Kathy Clark: bears; truths...
An installation displaying thousands of teddy bears, the artist heavily manipulates these pre-owned toys. At one time fulfilling their fundamental natural objective of companionship to the children of Reykjavík, these soft and cuddly teddies served an important purpose. They were brought to bed and slept with, dragged around, dressed, nurtured and cried to. Sadly, like most things, they eventually lose their usefulness and are abandoned. But now, perhaps they carry an energy from their past owners. If these bears could talk, would they reveal knowledge of their former child?
Clark uses wax on the stuffed bears to achieve a number of effects. She chooses to wrap some bears in thread and dips them in wax to make grotesque distorted forms; with others, she slices them up and empties out their stuffing before pouring hot wax over the limp pelts; and then there are those that she cuts up into pieces, and sews back together. Though never in their original form, the malformed creatures look even more peculiar when she manipulates thick textural wax on their fur. Clark stages each component in an arrangement that dictates an odyssey; repeats symbolically charged icons; and conceives elaborated titles for particular pieces. Her installation radiates a psychological perversion that she has single-mindedly plotted out using a system of her own. The anarchic disarray of stuffed toy bears that are, either singularly or altogether, waxed, tied up, sewn, glued, emptied, mangled—are schemes to conjure and orchestrate memories, including a sense of dejection, abandonment, and neglect.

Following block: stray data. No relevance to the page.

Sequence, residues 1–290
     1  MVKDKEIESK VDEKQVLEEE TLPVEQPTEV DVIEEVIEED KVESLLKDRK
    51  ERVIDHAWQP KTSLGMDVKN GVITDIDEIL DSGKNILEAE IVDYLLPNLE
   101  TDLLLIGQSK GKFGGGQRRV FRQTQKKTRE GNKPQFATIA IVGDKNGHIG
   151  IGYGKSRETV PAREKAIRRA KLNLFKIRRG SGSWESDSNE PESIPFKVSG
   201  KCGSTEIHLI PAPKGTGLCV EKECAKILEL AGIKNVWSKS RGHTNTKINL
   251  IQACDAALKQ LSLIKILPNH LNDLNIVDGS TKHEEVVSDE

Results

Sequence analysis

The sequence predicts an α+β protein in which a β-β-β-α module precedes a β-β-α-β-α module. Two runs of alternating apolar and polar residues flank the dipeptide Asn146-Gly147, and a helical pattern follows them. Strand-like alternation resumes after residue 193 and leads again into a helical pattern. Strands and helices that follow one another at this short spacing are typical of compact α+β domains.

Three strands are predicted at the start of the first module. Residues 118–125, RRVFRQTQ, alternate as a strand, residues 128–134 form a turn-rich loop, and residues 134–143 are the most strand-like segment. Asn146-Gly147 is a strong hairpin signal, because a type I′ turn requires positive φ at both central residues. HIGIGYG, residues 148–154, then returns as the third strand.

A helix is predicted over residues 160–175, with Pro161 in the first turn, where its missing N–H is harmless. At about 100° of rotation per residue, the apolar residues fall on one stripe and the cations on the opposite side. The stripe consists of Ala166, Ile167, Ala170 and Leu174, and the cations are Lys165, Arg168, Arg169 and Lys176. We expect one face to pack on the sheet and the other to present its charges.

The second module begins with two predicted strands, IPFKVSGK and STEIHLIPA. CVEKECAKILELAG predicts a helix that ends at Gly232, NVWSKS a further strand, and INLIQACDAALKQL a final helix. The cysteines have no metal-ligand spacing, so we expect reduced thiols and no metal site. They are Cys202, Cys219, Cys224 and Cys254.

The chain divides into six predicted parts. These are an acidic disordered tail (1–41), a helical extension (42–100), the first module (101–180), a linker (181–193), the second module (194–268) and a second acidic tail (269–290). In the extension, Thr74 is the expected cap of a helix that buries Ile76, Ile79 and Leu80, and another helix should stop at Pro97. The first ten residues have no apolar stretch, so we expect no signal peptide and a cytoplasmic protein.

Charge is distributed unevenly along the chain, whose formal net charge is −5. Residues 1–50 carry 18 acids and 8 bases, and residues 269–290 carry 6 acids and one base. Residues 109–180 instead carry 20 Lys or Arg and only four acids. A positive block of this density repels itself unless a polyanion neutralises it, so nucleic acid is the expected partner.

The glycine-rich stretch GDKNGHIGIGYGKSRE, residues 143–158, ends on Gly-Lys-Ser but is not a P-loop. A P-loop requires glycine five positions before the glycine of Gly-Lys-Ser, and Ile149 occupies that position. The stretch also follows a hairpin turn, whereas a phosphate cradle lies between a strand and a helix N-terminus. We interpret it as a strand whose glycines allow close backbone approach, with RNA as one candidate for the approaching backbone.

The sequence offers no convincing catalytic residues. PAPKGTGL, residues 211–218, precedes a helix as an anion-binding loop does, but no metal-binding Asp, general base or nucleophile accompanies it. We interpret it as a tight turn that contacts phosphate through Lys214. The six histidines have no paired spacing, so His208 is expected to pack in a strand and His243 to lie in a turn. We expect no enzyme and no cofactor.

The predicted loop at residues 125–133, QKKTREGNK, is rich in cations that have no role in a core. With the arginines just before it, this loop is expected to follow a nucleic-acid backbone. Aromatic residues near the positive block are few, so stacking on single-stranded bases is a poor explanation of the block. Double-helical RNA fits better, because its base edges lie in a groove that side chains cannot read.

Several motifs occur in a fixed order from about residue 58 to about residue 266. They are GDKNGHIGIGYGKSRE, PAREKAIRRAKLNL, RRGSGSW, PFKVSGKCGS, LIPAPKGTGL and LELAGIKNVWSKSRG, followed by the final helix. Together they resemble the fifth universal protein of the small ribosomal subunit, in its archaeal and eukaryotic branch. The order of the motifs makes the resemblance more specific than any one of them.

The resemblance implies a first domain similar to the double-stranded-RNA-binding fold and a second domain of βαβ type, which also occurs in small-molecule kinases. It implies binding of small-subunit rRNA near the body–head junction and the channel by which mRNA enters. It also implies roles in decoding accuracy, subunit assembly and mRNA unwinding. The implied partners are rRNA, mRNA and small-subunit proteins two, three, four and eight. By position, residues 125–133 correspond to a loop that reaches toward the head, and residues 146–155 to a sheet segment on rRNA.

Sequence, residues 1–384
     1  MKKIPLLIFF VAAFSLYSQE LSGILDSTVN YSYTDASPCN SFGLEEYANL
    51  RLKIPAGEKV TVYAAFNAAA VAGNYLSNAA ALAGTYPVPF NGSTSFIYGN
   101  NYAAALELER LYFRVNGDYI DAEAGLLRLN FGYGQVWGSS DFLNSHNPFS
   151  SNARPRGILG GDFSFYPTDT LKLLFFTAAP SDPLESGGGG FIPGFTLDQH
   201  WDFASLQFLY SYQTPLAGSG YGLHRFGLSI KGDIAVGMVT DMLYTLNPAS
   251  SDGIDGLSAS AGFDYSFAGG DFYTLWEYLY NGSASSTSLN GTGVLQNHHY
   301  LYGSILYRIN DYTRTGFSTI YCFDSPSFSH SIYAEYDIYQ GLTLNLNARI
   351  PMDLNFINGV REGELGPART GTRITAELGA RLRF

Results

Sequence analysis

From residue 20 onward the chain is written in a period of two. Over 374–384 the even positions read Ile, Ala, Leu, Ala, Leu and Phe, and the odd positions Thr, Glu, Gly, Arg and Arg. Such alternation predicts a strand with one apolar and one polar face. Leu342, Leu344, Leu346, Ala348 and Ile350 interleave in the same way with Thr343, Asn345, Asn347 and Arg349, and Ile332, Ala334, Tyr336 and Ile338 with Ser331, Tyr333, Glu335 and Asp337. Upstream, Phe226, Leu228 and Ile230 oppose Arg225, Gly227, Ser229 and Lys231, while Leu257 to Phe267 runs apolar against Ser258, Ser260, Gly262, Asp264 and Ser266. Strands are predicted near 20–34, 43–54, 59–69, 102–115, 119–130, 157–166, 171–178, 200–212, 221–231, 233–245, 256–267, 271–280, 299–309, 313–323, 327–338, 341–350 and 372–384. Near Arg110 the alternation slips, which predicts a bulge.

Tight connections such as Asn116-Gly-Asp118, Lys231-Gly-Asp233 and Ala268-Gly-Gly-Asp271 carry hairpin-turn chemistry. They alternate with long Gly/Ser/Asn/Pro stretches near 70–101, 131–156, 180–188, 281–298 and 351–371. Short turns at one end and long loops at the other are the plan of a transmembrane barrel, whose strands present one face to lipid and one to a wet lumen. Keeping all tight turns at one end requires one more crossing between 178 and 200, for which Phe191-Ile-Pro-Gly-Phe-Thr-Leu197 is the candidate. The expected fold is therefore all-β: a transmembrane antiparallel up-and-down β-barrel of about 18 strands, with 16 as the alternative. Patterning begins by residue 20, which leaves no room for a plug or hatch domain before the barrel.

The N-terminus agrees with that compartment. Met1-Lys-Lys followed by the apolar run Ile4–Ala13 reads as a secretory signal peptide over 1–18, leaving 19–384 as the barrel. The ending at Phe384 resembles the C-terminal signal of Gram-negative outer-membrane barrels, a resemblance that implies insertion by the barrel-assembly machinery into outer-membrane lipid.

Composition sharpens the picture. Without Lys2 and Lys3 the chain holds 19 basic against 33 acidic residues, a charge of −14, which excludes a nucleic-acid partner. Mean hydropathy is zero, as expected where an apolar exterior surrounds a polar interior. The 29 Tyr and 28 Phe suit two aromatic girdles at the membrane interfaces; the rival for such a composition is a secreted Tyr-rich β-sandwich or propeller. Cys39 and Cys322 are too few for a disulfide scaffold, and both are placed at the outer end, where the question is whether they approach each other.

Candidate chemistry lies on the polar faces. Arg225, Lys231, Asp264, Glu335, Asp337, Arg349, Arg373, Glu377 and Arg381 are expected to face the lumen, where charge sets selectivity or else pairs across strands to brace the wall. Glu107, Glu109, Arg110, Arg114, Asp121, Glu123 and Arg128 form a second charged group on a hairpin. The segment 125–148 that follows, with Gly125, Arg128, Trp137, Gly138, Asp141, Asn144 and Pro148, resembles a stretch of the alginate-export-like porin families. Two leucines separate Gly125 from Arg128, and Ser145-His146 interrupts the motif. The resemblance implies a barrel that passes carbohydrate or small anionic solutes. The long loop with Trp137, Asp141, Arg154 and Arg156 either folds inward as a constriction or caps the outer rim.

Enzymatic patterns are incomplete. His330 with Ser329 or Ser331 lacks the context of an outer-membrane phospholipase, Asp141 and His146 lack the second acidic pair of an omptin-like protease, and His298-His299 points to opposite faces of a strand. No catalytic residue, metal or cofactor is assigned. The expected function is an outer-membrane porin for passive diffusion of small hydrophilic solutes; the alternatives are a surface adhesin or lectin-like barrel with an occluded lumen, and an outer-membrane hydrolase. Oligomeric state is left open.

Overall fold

Kathy Clark (b. 1957) lives and works in Reykjavik since 2005 and she has exhibited her works in Iceland and United States. Clark completed her master studies at San Francisco Art Institute in 1985, after receiving her undergraduate degree from San Diego State University.
Kathy Clark says:
“I am a collector. I collect used objects that I find interesting, since they contain history and a sublime feeling. Inspired by these objects, I create a dialogue and structures of ideas around them. They are a springboard for my work.
This is how my world of the teddy bear began.
This place – bears; truths… – is a place where all is not what it seems. It exhibits reflections of human nature and the natural world. This is the place where the teddy bears reside in many other forms and permutations. A sanctuary of sorts, it portrays a journey through the different worlds of the bears. It is a metaphor for us as humans, with our past experiences, good and bad.” – Kathy Clark (2015)